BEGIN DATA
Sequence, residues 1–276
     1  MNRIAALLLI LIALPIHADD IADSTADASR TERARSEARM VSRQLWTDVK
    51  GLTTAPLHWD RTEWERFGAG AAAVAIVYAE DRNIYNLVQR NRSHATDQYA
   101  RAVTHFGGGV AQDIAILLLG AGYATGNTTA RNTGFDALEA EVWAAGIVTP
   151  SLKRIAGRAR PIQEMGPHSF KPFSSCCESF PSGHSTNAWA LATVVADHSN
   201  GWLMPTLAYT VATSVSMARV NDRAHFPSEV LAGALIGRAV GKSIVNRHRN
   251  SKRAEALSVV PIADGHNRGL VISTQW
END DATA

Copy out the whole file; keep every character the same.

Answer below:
Sequence, residues 1–276
     1  MNRIAALLLI LIALPIHADD IADSTADASR TERARSEARM VSRQLWTDVK
    51  GLTTAPLHWD RTEWERFGAG AAAVAIVYAE DRNIYNLVQR NRSHATDQYA
   101  RAVTHFGGGV AQDIAILLLG AGYATGNTTA RNTGFDALEA EVWAAGIVTP
   151  SLKRIAGRAR PIQEMGPHSF KPFSSCCESF PSGHSTNAWA LATVVADHSN
   201  GWLMPTLAYT VATSVSMARV NDRAHFPSEV LAGALIGRAV GKSIVNRHRN
   251  SKRAEALSVV PIADGHNRGL VISTQW